It’s okay to suck
One of the more valuable lessons you can learn in martial arts is that things are hard. New things are difficult and awkward, and you will feel like a fool as you learn. It’s unavoidable. Sometimes you look like a fool even after learning something.
I remember when I finally nailed the jump-spinning inside crescent kick. The kung fu form I was learning at the time required me to execute three of them in a row with no pause. I received zero instruction in how to do it. A senior student demonstrated the movement precisely once, and told me I wouldn’t learn anything else until I could perform it. It took about a week…15hrs training time. I moved from awkward hops and flailing to a sharp spin, jump, and quick kick. Land and repeat. Easy-peasy. Then I got cocky. I started to pick the speed up. I tried for more height, more power. My confidence grew. It was my favourite show-off technique for a while. Until I over-rotated one day and landed flat on my back. In front of the cute girl I was showing off to.
A lesson in humility, and a good one. But I still worked that kick, over and over…even though for months I was still convinced I was going to fall again and look like an idiot. Fear of looking like an idiot, of sucking, is just a part of martial arts training. Just like pain, and frustration. You learn to accept it.
I know a lot of singers. I know even more people who don’t sing. You know why most people don’t sing? Too afraid of letting that first note out of their mouths. They know it will suck, and that scares them. Singers are the ones that let that first croak out, and then the second, and the umpteenth. Eventually they got better. It’s an astoundingly rare person who opens their mouth and has a good note come out.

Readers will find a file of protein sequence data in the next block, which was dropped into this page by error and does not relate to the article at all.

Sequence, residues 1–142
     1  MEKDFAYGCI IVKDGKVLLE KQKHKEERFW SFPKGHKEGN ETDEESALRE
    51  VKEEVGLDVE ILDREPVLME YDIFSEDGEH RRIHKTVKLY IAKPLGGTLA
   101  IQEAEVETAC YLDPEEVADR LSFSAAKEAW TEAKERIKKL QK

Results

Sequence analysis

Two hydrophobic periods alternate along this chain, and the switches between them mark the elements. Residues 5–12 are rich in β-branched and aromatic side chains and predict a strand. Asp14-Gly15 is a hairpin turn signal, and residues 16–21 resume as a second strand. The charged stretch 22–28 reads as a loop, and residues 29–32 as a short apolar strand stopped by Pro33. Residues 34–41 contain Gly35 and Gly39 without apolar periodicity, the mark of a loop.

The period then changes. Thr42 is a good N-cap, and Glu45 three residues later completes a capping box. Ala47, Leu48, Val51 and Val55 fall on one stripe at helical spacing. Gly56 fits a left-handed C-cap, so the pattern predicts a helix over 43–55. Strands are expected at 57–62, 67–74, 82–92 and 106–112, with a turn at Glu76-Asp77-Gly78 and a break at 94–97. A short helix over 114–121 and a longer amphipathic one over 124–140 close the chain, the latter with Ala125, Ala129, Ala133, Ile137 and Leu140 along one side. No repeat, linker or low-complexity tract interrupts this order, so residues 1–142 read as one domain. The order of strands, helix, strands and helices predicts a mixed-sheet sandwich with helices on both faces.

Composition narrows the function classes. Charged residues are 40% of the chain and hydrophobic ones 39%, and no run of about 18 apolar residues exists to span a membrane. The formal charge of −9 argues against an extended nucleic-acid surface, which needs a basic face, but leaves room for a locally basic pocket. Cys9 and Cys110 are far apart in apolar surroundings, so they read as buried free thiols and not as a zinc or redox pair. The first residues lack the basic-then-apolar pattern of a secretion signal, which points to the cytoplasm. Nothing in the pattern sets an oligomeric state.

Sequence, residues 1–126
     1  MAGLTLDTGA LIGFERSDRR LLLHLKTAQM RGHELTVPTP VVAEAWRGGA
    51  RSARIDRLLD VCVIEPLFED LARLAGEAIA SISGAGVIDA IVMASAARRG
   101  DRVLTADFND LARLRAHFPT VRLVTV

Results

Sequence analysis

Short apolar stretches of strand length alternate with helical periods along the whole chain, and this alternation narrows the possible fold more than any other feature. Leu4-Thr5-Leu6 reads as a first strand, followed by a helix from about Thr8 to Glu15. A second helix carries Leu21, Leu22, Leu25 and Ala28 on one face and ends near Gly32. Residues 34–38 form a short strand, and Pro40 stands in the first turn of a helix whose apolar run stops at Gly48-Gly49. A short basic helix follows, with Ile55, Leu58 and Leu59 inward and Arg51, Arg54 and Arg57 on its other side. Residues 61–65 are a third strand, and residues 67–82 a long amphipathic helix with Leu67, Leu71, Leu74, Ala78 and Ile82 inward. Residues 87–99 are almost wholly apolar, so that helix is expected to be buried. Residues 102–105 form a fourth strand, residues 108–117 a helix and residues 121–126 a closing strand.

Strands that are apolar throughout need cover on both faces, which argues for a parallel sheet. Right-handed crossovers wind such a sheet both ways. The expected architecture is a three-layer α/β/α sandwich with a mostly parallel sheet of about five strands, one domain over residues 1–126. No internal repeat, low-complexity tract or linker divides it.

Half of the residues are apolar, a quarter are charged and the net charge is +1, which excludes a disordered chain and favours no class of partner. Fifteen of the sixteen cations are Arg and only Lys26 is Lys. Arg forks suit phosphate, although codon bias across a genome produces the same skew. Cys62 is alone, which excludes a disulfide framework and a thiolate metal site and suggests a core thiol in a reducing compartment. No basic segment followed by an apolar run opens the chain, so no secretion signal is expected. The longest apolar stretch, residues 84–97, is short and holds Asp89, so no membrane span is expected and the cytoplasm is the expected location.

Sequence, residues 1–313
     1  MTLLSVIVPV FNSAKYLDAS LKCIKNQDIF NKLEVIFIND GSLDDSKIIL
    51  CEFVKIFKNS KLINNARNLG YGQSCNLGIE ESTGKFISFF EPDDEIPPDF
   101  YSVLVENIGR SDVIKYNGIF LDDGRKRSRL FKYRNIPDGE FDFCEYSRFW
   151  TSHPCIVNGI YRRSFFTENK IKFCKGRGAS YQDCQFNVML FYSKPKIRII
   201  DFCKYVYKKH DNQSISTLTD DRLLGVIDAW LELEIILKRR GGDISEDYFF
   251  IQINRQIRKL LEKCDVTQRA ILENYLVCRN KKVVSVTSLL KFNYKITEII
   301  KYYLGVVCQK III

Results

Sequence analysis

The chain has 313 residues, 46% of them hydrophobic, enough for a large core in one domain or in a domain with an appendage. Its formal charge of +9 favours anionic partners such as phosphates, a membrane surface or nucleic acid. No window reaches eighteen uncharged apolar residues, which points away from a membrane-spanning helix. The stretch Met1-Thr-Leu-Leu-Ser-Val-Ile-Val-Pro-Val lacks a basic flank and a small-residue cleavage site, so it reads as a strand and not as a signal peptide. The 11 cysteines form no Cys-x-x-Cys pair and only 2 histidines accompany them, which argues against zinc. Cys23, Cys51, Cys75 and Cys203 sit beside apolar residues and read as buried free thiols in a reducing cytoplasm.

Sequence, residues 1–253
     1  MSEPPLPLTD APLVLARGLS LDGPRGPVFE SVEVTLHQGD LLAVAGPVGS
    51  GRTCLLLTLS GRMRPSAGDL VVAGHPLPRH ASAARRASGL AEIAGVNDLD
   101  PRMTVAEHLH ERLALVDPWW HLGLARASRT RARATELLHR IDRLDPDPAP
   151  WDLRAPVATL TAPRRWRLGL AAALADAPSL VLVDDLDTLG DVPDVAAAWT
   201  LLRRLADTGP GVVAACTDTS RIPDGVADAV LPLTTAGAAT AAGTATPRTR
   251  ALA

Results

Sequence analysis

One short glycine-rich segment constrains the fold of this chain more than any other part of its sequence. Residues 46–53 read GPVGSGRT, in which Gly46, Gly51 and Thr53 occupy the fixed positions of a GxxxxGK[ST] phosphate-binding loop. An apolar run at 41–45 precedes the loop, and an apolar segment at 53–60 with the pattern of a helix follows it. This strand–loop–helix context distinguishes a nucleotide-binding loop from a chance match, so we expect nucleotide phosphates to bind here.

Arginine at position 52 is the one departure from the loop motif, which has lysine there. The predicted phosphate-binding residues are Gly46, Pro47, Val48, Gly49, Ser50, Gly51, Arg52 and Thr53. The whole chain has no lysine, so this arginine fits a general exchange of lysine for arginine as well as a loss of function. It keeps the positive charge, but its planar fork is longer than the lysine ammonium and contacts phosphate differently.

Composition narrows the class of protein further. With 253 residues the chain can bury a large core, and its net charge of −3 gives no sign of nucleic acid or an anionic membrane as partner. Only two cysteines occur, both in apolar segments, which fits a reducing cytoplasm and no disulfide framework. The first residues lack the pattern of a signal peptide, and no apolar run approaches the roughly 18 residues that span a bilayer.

When I started to incorporate gymnastics and breakdancing into my martial arts classes, I had to deal with a minor rebellion. Some students just completely froze up. Throwing a punch was okay. A cartwheel? Not so much. Dancing? What if I look like an idiot? Well…you will. But so will everyone else. It was hard for everyone, but the ones that held their noses and jumped in and embraced the suck? They got better. Lots better. And they started to reap the benefits of the challenging training.
Fear of failure, fear of sucking. It stops you from moving. And that’s why martial artists need to learn to embrace that fear, and practice overcoming it.
Working security, working the door as a bouncer…you can’t hesitate when it comes time to move. In self-defense it’s even more critical. You must move. And yet, it’s the hardest thing to do. If you can make that one first motion, everything else will fall into place (Somehow! But that’s another post.) But often you won’t make that move. You won’t do anything. You may not freeze, but you might feel like someone put a dunce cap on you. You get dumb. Your thoughts slow right down. It’s fear. Fear of doing the right thing. Fear of standing out. Fear of looking foolish, of doing the wrong thing and being humiliated for it. It can freeze you stone cold, while the most horrible things happen. It happens to people all the time, every day.
There are a lot of things you can do to train yourself past that. Scenario-based training is an excellent method. Getting a job as a bouncer is also pretty good! But simple things are good as well. The reflex that stops you from interrupting a vandal is the same reflex that stops you from opening your mouth and singing. Or taking a ballet class. It’s not nearly as severe, but by practicing overcoming those small fears, we do build skill at overcoming acute fears.
I learned in grade school to be afraid to talk. Opening my mouth brought me ridicule from a particularly twisted teacher. Teaching martial arts taught me, and let me practice, not just talking but yelling. I learned to project and use my voice to control a noisy class. And that simple training let me use my voice as a lash to control rowdy drunks in a bar, to stop vandals and thieves, and stop more than one punch cold in its tracks. Everything in life is practice. Few things are more valuable to practice than overcoming the fear of sucking.